The Sunday Times – Pricing children out of existence, by Melanie McDonagh

But there is another approach – IVF is being touted, as The Economist also points out, as a remedy for the population shortfall. …

This is a line of thought that can’t be nipped in the bud too soon. Quite apart from the morally problematic aspects of IVF (all those discarded embryos), the fact that IVF children are particularly subject to health problems, its troubling implications for future fertility (by perpetuating the genes of the infertile it may be compounding the problem) and its low success rate, this solution seems to get things the wrong way round. Why aren’t we having children in the first place?

What a peculiar suggestion.

But the obvious reason why birth rates have gone down is that the price of living has gone up. At least for anyone who’s fussy about their children’s quality of life.

Last week we learnt from one survey that parents in nearly half the professions which, five years ago, could afford private school fees, now can’t. And at £20,000 a year for a boarding school place, small wonder.

I can’t see the point of fetishising private school education in itself. But the reality is that a great many state schools are so poor that you’d beg on the streets rather than send your child to them.

If the only option of a decent school is one costing £100,000 for five years, that’s a kind of contraceptive. It wasn’t always thus. When there were grammar schools there was the option of a state education much better than that of the private schools.

Doing away with them has made having children a far more expensive proposition. That’s one argument for them – bring back grammars, boost the birth rate.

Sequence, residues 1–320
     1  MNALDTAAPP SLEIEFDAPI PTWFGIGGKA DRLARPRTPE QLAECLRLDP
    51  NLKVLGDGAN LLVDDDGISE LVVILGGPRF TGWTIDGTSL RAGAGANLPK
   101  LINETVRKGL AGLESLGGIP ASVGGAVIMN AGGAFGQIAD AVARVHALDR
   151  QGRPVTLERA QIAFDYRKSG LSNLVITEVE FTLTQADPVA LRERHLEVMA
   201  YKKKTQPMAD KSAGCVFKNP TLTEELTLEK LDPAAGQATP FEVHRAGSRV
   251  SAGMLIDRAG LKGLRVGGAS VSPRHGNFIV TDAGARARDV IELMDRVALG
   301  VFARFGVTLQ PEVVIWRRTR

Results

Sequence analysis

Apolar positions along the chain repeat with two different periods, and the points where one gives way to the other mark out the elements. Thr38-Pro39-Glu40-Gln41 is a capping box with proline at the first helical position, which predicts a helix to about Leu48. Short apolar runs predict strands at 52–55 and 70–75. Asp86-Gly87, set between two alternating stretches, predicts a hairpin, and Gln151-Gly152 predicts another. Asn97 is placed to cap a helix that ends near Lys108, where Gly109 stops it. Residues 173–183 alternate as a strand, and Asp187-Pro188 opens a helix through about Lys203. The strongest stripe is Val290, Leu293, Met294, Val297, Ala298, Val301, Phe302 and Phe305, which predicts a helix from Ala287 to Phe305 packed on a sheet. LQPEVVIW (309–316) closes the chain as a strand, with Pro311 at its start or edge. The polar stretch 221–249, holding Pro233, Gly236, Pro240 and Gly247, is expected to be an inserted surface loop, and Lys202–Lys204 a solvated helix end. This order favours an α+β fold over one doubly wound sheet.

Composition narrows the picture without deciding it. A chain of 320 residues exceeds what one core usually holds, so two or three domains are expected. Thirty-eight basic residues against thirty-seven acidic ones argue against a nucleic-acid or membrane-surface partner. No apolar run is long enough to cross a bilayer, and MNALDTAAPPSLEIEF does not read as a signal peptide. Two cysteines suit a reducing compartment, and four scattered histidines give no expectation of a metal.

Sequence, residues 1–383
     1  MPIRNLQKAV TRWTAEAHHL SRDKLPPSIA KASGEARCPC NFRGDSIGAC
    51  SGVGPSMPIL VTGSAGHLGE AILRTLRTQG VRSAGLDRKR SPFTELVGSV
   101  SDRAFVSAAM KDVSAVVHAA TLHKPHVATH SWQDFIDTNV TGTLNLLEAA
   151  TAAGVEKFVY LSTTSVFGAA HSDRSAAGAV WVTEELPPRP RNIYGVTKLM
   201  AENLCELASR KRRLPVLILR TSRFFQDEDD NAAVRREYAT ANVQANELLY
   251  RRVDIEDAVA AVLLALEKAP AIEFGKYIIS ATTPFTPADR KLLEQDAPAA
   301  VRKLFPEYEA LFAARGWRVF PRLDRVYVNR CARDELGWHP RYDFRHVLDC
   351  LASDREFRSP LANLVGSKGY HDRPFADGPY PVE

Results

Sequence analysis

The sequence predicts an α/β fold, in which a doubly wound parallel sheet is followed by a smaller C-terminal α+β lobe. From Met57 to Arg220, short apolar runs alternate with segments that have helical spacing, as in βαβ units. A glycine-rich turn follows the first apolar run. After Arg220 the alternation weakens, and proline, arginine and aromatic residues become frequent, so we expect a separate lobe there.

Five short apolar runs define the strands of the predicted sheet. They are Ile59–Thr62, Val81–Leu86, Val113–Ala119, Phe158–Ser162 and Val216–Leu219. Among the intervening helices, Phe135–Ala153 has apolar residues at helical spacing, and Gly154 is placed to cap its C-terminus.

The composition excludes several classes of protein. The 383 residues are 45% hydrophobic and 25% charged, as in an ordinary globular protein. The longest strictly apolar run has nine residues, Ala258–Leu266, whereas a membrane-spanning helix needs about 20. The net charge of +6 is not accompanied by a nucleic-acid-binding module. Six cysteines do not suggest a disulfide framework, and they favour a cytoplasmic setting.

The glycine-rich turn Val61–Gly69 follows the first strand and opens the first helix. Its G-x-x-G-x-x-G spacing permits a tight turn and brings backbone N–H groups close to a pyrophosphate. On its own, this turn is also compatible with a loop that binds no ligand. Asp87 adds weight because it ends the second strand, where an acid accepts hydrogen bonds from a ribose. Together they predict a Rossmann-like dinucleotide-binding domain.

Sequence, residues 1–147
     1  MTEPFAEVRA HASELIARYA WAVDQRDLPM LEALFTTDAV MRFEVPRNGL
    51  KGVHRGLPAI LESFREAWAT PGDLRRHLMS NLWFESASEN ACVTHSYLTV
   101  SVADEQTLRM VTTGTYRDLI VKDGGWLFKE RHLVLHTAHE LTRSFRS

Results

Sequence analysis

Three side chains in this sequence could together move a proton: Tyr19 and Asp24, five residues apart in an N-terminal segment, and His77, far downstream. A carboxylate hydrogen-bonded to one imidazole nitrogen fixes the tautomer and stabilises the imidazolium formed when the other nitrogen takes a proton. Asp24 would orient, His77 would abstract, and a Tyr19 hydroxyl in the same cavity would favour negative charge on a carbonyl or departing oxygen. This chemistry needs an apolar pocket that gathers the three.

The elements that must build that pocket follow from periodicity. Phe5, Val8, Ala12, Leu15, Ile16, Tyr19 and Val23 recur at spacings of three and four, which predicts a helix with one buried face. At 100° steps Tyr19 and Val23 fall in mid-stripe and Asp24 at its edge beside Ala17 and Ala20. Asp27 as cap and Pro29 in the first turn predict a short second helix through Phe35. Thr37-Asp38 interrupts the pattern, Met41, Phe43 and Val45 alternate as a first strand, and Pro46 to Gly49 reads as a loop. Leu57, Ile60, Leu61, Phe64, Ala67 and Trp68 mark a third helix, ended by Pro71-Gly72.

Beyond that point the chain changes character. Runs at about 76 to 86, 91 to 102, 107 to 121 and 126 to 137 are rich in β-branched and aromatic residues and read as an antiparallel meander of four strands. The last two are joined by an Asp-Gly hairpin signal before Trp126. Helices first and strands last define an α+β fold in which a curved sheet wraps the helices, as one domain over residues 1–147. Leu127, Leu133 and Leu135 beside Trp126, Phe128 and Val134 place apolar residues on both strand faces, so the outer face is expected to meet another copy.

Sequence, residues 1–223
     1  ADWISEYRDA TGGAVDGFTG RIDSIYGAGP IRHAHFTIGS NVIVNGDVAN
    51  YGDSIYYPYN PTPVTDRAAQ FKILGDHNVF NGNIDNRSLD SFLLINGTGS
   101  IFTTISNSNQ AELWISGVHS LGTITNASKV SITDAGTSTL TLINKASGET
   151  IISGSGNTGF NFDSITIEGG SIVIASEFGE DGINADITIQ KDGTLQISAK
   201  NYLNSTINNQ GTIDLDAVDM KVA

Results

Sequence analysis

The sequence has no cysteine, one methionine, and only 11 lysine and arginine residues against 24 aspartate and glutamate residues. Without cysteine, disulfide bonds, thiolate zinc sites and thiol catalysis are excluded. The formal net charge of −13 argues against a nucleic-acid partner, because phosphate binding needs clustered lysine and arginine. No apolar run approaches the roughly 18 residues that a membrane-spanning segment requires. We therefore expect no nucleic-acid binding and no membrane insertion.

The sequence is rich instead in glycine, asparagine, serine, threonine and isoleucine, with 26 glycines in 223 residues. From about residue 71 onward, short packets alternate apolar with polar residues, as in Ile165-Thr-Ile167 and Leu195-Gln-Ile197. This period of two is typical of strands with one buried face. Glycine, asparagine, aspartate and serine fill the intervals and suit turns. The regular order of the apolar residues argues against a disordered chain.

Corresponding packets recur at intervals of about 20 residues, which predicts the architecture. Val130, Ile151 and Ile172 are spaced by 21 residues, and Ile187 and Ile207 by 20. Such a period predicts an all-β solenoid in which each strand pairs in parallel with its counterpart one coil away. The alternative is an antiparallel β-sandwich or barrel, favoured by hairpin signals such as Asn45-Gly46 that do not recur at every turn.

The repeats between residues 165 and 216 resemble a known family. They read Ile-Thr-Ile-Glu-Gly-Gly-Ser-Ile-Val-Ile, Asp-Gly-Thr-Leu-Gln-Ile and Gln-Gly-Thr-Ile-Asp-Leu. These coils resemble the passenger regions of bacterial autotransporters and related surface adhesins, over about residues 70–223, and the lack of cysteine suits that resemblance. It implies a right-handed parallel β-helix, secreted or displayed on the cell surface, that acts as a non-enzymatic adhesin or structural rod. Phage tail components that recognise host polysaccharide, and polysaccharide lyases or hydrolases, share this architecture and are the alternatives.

Then there’s the cost of housing. I rent, but if I were to entertain the delusory fantasy of home ownership, I don’t know where I’d start to find the half a million quid it would cost to buy anything vaguely habitable where I live. For those couples for whom a “flat of one’s own” is a prerequisite for having children, well it’s no wonder they’re about 40 by the time they get started.

There are, then, any number of reasons why we’re not breeding in sufficient numbers – unless you’re rich or on benefits, a big family is a luxury.

A few weeks ago an older friend was surprised to find that Peter and I have, ah, discussed such things. For the umpteenth time, she seemed to be assuming that since we’re in this …modern situation, I was being cool and he was being feckless and all hope was lost. I laughingly relayed this exchange to Peter and, rolling his eyes, he suggested, well, I forget how he phrased it, but basically that we start up a donation fund for all the people who think we’re here because he’s irresponsible.